The first 5G wireless networks are starting to come online, and the first 5G-capable smartphones are starting to hit the market. Now Verizon is also launching its first 5G mobile hotspot which you can use to connect a laptop, tablet, or other devices to Verizon’s high-speed cellular network.

It comes at a cost though — the Verizon Inseego 5G MiFi M1000 doesn’t just have a catchy name, it’s also a rather expensive option, with the hotspot selling for $650.

Verizon says you can spread that cost out by making 24 monthly payments of $27.08 each. Or you can sign a 2-year contract to bring the price down to $500.

But those prices don’t even include the cost of a data plan.

Verizon customers who sign up for a connected device-only plan (without a smartphone) will have to shell out at least $85 per month, while customers with a Verizon Unlimited smartphone plan can add a 5G MiFi to their account and get 50GB of 5G data plus 15GB of 4G LTE data for an extra $30.

In both cases, that’s $10/month more than you’d pay for a 4G LTE version.

unlimited Smartphone plan can add a 5G MiFi to their plan and get 50GB of 5G data plus 15GB of 4G LTE data for an additional $30.

I’m still not convinced it makes sense for most folks to buy 5G phones, hotspots, or other hardware this year. You end up spending more money on hardware and service for the ability to access a faster, lower-latency network. But 4G LTE is plenty fast enough for most of the things we use mobile devices for today.

Verizon highlights support for next-gen experiences like streaming 8K video with no buffering or using virtual reality and augmented reality. But I suspect those are things few of us really need to do over a mobile network.

press release

 

 

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9 replies on “Verizon’s first 5G MiFi mobile hotspot costs $650 (data not included)”

  1. The joke is that without net neutrality 5G is pointless anyway. Verizon already throttles content and services at their leisure including downsampling video on mobile LTE and they will absolutely do the same on 5G. I find it hilarious that they are marketing 8k video when they won’t even allow 1080p YouTube or Netflix on 4G LTE.

  2. I agree with the article and the comments in that 5G isn’t gong to be a a must have/willing to pay more for thing for the majority of consumers.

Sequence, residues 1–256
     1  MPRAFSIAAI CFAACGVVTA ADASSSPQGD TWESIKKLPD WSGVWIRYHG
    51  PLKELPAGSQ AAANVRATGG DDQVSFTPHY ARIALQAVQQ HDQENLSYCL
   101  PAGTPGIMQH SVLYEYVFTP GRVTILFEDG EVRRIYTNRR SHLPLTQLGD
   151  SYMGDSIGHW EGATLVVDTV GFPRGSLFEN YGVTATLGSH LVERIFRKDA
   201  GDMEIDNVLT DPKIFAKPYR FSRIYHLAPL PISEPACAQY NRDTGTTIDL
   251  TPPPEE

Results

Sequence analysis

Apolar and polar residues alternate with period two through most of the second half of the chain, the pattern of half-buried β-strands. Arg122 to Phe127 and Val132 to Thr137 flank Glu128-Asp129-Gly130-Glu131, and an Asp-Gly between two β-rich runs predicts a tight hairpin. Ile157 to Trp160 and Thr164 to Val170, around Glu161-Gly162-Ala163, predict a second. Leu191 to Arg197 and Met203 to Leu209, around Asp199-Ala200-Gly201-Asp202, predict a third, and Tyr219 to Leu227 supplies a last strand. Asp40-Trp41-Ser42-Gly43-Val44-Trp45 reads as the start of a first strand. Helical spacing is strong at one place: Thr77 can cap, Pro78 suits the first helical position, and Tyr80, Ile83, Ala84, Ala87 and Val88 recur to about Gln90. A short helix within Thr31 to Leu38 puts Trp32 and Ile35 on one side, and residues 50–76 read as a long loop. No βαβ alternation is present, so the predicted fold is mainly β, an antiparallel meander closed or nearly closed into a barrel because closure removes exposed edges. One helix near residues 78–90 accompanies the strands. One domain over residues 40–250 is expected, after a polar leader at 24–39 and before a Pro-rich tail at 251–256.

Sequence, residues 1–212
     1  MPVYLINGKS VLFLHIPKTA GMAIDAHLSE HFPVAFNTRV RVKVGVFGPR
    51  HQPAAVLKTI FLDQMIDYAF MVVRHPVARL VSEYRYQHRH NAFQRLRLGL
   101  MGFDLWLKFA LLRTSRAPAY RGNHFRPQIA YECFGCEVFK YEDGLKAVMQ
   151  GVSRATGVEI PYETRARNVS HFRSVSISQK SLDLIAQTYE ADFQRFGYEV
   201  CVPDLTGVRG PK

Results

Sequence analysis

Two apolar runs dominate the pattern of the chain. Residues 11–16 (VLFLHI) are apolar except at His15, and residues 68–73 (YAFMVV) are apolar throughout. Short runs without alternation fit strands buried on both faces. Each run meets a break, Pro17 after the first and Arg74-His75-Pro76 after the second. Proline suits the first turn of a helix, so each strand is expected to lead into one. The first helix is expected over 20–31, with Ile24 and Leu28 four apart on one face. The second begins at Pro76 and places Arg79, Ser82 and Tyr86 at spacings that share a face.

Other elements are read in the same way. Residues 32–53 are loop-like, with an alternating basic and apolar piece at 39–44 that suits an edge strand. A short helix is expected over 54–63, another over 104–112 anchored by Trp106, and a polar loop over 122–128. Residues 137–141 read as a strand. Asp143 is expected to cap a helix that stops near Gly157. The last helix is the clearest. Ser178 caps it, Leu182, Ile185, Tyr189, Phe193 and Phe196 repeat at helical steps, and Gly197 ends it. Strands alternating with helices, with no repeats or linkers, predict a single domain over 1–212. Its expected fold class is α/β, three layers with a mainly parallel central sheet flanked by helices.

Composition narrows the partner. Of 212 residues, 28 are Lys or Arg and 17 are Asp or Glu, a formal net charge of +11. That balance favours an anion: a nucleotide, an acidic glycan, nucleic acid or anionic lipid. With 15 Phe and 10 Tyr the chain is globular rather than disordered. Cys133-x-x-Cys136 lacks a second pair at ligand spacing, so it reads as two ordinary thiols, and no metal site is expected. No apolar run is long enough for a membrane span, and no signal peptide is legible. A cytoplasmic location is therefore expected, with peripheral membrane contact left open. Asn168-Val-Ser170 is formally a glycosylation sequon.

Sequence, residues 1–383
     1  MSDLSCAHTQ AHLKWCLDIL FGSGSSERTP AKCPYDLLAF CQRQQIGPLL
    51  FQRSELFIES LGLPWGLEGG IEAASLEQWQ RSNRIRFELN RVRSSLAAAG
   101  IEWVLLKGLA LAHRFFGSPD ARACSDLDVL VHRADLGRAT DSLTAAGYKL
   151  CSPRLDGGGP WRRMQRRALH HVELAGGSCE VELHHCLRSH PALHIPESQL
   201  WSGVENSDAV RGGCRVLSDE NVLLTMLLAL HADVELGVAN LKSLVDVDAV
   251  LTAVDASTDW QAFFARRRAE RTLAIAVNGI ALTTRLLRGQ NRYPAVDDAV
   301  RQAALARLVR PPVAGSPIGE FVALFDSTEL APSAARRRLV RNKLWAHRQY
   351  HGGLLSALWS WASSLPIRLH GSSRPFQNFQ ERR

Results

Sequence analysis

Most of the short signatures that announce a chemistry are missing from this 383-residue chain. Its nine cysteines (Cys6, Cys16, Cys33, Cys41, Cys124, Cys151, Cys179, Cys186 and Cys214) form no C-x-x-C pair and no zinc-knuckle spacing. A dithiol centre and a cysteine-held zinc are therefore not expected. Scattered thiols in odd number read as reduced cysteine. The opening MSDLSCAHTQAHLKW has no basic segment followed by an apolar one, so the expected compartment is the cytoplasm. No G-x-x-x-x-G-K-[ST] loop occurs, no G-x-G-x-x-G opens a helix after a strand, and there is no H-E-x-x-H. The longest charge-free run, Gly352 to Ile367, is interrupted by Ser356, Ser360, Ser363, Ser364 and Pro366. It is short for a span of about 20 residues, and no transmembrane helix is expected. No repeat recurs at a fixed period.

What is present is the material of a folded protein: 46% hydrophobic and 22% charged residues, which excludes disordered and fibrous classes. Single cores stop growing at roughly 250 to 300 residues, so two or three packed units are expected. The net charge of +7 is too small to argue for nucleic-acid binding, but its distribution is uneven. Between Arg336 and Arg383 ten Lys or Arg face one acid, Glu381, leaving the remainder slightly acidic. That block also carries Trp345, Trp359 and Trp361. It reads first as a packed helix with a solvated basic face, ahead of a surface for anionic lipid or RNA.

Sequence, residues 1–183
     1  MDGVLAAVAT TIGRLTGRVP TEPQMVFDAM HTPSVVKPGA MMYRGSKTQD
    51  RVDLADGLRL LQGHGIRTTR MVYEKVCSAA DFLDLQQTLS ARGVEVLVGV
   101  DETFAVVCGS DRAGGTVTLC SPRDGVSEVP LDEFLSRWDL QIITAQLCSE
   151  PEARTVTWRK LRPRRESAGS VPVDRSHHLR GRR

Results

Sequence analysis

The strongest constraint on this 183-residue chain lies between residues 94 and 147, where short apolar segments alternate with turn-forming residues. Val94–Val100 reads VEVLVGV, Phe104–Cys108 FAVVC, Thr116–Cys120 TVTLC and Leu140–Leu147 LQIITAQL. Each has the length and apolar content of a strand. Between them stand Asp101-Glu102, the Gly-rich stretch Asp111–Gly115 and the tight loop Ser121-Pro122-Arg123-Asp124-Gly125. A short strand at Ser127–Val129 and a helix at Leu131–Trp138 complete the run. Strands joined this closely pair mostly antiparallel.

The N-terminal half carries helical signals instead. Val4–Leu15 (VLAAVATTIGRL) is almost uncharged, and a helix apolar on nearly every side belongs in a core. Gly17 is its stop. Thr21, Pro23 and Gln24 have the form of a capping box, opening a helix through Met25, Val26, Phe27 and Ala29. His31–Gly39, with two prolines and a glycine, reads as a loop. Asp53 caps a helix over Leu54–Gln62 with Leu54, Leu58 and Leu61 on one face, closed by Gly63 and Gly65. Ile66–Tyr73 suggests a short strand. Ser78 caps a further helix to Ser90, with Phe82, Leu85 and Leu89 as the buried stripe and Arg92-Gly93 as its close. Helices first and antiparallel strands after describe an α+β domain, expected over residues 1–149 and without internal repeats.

An additional issue is that for 5G that uses mm wave signals, they won’t penetrate into buildings well or at all. Due to mm wave signals neither being able to travel far nor penetrate through walls well, there needs to be significantly more “micro cells” relaying the signals which is a major infrastructure problem. I recall wireless companies touting that trash cans, street lights, tables, chairs, etc. will be micro cell “towers” in the 5G world. That certainly wasn’t a positive spin in my mind.

    1. Also, 5G using lower frequencies (ie. around the same range as LTE), the speeds won’t be much better than LTE.

      Seems like the hype for 5G is solely being generated by the people selling 5G tech.

  3. The 5G motomod has a snapdragon 855 in it, even though the phones can’t use it, because that was apparently the only way to get the 5g modem. Given this pricetag, I can’t help but wonder if there’s an unusable soc inside this thing as well.

  4. So… 8k streaming with a 50 gig data cap? Projected 8k streaming data usage is roughly 10MB/S so you can blow through that cap in less than an hour and a half. Fun.

  5. A fool and his money…
    Just wait until Elon Musk or Amazon get their satellite intranet service working. All these mobile hotspots will become e-waste.

  6. >Streaming 8K video
    >7680 × 4320

    OK, nobody really wants to hear me say “Oh lawdy, my TV is too old for this,” but I think a lot of people are in this category.

    My highest resolution screen is a 3000×1400 px screen. It has 500 pixels per inch, so I couldn’t really tell 1080p (250 pixels per inch) from 4k+ (500 pixels per inch) from 8k (downscaled to 500 pixels per inch) unless I use my handy chin-mounted phone holder. This is a portable screen that could potentially benefit from a 5G connection.

    If I spent $3000 on a TV or monitor I could display an 8K video…. if I find a good sale. That makes a $600 hot spot and data plan cheap… But when the heck would I have that TV away from land-line-sourced WiFi?

    Edit: Brad, ‘Edit Comment’ works now.

Comments are closed.